RFF, 465 Mass. at 723 (emphasis added).

Conclusion

All Massachusetts law firms should review these four requirements.  Although the SJC’s holding is not binding outside Massachusetts, its powerful reasoning should be persuasive in other states as well.  In the long run, this analytical clarity should benefit all U.S. law firms and the clients that they serve.

Robert M. Buchanan, Jr. wrote the Boston Bar Association’s amicus brief, pro bono, in the RFF case.  Mr. Buchanan is Chair of the Ethics Committee at Choate Hall & Stewart, where he is a partner in the Litigation Department and leads the Antitrust practice.  


Workers’ Rights Keep Pace With Corporate Practices: Recent SJC Decisions Expand Reach of Wage & Hour Laws

by Jocelyn B. Jones 

Case Focus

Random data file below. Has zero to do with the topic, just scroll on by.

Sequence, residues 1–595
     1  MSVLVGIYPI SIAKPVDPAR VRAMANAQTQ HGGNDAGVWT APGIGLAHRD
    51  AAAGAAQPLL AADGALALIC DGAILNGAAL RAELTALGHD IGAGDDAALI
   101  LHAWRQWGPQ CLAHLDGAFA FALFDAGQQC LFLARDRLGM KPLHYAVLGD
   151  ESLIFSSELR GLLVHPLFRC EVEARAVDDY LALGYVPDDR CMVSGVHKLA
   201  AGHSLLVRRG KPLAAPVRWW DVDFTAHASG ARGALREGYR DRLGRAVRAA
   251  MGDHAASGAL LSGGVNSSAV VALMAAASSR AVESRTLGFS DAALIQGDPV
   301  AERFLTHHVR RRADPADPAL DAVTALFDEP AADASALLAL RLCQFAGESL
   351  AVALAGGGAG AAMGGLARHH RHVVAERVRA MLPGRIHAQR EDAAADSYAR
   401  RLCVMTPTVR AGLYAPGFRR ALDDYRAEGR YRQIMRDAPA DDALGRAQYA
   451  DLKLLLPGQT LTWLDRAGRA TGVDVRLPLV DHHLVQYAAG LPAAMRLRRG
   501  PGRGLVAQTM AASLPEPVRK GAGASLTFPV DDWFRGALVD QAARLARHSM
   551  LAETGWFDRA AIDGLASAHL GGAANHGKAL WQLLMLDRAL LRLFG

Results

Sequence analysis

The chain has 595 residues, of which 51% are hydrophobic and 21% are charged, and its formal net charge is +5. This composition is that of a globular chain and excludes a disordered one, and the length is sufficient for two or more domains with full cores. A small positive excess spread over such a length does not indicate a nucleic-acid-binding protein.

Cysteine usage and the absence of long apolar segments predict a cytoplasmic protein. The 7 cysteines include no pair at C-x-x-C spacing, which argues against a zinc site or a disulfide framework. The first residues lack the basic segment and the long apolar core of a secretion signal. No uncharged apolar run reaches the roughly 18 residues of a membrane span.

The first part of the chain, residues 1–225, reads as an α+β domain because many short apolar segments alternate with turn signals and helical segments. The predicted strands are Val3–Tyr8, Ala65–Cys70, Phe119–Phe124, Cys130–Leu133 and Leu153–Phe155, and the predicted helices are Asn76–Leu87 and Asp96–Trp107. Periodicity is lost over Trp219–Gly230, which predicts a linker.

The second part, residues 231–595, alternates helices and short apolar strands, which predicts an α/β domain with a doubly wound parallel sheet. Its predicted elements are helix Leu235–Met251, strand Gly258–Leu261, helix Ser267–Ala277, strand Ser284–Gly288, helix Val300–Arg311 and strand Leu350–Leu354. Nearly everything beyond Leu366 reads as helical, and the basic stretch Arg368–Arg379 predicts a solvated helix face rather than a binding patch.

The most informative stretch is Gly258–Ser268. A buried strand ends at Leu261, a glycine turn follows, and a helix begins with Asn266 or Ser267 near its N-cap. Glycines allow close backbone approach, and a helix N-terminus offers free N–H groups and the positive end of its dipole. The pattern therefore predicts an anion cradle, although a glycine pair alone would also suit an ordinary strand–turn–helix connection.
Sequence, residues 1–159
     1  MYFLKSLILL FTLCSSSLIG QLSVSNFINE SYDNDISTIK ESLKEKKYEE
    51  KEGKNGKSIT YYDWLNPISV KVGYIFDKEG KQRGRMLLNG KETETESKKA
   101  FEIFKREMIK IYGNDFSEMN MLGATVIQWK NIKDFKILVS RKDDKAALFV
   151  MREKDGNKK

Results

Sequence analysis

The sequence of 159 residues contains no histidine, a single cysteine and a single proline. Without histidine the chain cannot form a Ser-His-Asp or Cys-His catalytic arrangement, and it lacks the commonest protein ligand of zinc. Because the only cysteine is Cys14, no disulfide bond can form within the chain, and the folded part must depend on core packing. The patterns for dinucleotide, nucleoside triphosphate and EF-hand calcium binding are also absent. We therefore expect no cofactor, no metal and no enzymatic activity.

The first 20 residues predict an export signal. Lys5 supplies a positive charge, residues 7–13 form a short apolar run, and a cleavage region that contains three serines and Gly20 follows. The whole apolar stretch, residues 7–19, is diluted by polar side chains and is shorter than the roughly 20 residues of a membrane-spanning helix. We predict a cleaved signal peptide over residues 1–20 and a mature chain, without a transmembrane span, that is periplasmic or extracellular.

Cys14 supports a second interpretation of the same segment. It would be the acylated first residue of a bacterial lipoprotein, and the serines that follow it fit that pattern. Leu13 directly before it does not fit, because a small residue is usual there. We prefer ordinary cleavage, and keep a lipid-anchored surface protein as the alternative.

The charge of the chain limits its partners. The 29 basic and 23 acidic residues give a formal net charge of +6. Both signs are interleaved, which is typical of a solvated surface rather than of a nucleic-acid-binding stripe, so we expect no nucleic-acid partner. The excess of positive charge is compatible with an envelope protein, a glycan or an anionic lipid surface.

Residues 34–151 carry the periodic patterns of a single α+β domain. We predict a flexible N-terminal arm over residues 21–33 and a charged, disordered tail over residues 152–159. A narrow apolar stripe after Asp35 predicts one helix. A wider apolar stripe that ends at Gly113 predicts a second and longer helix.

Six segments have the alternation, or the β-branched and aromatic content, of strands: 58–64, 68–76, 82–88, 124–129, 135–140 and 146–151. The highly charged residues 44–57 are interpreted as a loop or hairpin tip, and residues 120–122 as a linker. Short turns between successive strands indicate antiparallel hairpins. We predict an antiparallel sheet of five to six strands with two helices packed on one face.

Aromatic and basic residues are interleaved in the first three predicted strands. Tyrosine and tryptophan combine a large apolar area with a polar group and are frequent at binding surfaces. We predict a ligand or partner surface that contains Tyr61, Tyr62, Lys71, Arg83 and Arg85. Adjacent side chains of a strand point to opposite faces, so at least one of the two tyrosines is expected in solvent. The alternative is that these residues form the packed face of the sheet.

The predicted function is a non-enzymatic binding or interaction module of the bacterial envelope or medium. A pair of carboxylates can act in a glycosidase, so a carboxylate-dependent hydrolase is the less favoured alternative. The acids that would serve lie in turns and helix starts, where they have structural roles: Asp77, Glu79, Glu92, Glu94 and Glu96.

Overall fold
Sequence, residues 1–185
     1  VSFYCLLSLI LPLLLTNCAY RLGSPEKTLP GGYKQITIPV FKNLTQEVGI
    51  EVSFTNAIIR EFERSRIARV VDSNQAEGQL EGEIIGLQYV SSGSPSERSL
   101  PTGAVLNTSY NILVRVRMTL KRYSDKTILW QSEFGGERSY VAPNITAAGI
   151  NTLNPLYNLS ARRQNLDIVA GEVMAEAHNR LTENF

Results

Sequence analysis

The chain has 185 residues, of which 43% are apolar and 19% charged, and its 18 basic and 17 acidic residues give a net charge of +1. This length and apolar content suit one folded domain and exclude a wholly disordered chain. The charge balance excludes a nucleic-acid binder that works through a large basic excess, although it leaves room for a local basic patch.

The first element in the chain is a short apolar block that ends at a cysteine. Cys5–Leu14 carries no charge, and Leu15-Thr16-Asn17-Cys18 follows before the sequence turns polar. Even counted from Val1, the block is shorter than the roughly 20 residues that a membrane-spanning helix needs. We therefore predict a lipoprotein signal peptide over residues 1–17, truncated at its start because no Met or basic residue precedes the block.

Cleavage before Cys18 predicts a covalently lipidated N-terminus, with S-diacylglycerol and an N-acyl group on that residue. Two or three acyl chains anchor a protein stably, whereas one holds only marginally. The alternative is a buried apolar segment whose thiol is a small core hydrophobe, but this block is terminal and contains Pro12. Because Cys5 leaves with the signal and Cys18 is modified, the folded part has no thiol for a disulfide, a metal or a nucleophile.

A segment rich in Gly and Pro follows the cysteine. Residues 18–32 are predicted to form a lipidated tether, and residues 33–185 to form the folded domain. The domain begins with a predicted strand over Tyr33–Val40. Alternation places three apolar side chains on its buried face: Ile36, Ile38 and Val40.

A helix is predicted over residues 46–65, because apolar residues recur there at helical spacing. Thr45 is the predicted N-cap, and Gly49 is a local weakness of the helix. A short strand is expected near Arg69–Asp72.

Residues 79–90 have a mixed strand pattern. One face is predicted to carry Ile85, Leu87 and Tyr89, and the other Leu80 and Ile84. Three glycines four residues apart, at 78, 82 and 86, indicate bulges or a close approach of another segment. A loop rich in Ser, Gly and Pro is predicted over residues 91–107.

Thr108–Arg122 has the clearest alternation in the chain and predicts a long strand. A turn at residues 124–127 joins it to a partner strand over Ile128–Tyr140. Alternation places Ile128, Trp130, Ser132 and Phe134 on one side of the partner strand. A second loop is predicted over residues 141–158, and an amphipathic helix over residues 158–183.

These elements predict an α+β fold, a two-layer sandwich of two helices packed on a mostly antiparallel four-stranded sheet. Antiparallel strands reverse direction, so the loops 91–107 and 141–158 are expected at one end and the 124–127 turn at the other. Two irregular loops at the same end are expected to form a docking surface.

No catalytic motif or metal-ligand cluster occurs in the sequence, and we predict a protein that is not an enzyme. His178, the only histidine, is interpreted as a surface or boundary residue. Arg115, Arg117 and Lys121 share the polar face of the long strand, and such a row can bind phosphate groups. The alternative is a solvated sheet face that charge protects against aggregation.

SONY DSCOnly 20 years ago, criminal prosecution was the sole means of enforcing the Massachusetts wage and hour laws. But the enforcement landscape has changed dramatically since 1993, when enforcement authority was transferred to the Attorney General’s Office from the former Department of Labor & Industries, and employees were authorized to initiate private lawsuits, in which those who prevailed were entitled to treble damages and attorneys’ fees, among other remedial measures. A further transformation took place in 1998, when the Attorney General was granted civil citation authority and monetary penalties for violations were enhanced, and with them, greater deterrence was set into play. The Legislature’s addition of these enforcement mechanisms in the 1990s increased  the development of wage and hour related case law, particularly at the appellate level. This rather dramatic expansion of case law in the wage and hour arena has accompanied the crystallization of the viewpoint expressed by the Massachusetts Supreme Judicial Court (“SJC”) that these legal protections are to be interpreted broadly, to ensure that the laws accomplish their underlying goal of guaranteeing that all workers receive their earned wages.  Consistent with this view, two recent SJC decisions underscore the expansive reach of the wage and hour laws’ protections.